We live in the 3-room apartment in a big story building. A few years ago, mom started to collect large amount of clothes and different useless items, that other people were throwing out of their home (she looked out for it in local trash boxes around the city).

Her apartment is filled to the top with plastic bags full of clothes, the only place left is small corridor to her bad, but even that corridor is partially blocked now by some stuff.

Our entire apartment is filled with rummage and junk.

I’ve consulted the professional psychiatrist about the case, and he said there’s not a lot that can be done: she’s not presenting any danger to surrounding (by the law, in our country, you can only isolate a person if they represent danger to people around, and she just quietly collects gigantic amounts of stuff in our home, so, no direct danger to anybody).

Not that I want to isolate my mother, or put her in a room wrapped in cushions, hell no.

But I want to help her somehow and help myself - the amount of clothes and items in the bags is so big, that it reaches the ceiling and I can even barely move through the rooms and it’s hard to do my ordinary everyday tasks, like cooking or cleaning. For example, to open a fridge door, I’ve to pull aside a big box, left after a water boiler, filled with clothes up to the top, pick something out of the fridge, and move it back.

All that situation upsets me a lot, and I don't know what to do (especially, after medical professional wasn't able to help).

Please help.

  • How old are you? Are you adult, or a child? – sleske Dec 1 '16 at 9:36
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    Sorry, but IMHO this is off-topic. parenting.SE is about people "with a parenting role", not about any type of family relationship. Questions from children are okay, but only if they are about the parenting relationship to their parents. You might consider asking at health.stackexchange.com . – sleske Dec 1 '16 at 9:45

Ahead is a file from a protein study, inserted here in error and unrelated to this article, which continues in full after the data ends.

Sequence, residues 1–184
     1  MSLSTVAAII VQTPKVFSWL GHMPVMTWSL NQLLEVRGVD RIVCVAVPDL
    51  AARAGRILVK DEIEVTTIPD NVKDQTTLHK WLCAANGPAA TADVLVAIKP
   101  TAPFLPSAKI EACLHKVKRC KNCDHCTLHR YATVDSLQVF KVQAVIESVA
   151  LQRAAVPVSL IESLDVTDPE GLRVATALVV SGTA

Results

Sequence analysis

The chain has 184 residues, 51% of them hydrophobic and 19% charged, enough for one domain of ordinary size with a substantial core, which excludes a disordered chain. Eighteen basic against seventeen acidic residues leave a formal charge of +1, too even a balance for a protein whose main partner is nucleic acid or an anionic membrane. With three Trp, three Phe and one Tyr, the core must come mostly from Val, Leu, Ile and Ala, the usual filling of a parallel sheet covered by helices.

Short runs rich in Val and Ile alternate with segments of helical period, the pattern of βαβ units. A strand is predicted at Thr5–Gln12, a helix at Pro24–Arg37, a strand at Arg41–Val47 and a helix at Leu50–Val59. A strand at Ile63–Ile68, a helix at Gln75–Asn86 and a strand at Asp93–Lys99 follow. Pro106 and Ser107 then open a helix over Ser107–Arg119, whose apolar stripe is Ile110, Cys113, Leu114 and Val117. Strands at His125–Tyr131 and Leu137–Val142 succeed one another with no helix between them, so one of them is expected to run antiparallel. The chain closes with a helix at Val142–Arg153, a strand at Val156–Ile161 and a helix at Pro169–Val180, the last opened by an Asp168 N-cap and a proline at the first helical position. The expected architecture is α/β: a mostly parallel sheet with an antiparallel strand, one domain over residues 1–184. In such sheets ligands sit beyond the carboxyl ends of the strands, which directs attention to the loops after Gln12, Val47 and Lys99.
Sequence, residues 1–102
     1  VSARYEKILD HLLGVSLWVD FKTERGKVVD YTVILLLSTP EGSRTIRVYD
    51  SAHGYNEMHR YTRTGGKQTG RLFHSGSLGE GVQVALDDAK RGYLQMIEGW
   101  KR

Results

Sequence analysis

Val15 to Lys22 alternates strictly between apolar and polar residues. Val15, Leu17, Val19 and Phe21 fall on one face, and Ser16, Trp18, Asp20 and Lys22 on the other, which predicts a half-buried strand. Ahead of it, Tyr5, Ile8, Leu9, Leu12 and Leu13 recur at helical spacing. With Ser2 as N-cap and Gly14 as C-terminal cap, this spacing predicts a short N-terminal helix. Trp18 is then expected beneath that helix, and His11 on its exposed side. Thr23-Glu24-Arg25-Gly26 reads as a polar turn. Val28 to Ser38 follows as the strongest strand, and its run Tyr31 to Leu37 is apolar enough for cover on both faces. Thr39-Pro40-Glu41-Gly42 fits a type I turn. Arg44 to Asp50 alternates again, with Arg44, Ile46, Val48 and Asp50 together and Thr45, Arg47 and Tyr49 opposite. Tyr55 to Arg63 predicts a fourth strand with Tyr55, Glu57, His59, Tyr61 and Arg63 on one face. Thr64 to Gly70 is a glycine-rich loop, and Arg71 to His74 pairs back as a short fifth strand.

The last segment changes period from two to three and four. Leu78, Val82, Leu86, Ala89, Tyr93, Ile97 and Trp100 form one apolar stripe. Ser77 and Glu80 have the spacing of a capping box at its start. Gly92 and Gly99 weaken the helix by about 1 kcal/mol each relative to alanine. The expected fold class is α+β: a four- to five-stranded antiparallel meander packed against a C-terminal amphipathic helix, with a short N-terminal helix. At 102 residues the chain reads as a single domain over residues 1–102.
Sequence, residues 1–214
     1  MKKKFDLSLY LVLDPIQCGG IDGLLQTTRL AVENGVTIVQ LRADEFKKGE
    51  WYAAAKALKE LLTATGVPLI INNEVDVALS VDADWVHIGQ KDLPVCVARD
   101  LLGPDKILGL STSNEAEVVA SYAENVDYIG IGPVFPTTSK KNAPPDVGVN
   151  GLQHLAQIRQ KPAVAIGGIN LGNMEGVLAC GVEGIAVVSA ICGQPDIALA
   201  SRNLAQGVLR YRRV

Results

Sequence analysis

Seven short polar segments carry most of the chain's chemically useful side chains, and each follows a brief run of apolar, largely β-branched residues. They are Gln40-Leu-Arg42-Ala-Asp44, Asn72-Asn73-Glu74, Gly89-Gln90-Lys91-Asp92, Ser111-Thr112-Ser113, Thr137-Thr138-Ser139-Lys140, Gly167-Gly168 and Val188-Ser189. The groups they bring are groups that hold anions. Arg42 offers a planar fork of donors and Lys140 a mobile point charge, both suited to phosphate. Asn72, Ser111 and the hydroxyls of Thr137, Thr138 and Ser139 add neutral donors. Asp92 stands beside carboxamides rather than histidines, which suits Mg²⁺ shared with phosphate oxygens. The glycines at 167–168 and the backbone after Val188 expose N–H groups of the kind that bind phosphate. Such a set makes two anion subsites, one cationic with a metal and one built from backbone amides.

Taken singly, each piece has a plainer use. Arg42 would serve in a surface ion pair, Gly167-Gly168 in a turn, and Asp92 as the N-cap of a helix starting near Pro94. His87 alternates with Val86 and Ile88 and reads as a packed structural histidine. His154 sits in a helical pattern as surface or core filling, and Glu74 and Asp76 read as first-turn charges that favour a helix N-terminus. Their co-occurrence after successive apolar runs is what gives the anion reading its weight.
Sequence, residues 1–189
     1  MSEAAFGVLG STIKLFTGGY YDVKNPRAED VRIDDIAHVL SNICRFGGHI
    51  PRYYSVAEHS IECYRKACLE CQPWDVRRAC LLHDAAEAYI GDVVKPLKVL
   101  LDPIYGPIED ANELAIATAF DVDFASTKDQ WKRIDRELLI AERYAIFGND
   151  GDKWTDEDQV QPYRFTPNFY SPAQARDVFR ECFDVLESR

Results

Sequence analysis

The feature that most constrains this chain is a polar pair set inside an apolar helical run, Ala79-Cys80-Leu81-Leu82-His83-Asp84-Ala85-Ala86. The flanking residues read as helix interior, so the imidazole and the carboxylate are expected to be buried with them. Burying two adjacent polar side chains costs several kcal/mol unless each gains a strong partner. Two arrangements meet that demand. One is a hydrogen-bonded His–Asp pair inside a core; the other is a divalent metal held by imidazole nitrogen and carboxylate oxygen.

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    I voted to close this because it is off topic. Hoarding is a serious medical issue and easier to help the earlier it is dealt with. Please get your loved one the help she needs. The med. professional you spoke doesn't sound like they have a clue, or you asked the wrong questions. This is not about being a danger to herself or others, or a family member or you getting to be in charge of her, though it could lead there. Yes, she has to agree to get help. You could get some counselling to find out how to help her see that she does to get that medical help. – WRX Dec 1 '16 at 14:37
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    Move this over to Health S.E. and then please check your city's fire codes and/or have an inspector come in. If there would happen to be a fire, the chances of escaping are lowered by the amount of stuff in the house hoarding also presents a significant danger to firefighters who maybe searching for victims. – L.B. Dec 1 '16 at 15:30

This is hoarding disorder, which is a recognized illness, and I've known people who have it to a large and small degree.

For one friend who just brought junk home from work or from trash areas along the way home, his wife would cart out several boxfulls every month or so (though not impacting more than 5% of what he had on hand). Unfortunatley she could not tell if it was good junk or just junk, and he would always be wondering why he could not remember where he put things, or why he could not find something he was sure he had.

I also had an antisocial neighbor many years ago, who pretty much wouldn't even say hi to anyone, but whenever he opened his door you could see floor-to-ceiling boxes of stuff (mainly newspaper) and a very small pathway into his apartment.

There is also a more recent neighbor whose place is so packed, she has resorted to having parts of the outside street loaded with pallets of junk that is bundled with tarps. She also lives in the house with live chickens, and no electricity (because she is crazy in other ways, and refuses to pay the bill). This is in a warm climate, so she doesn't freeze to death.

Hoarding can be serious, and actually dangerous (for example, in the event of a fire).

I suggest reading more about this, as it is getting more attention. One part of the problem is that people with this generally do not see it as a problem, which makes it much more difficult to address. There may be some local psychologist who might have experience with this, or perhaps even a support group (local or online). I wish you the best in this situation.


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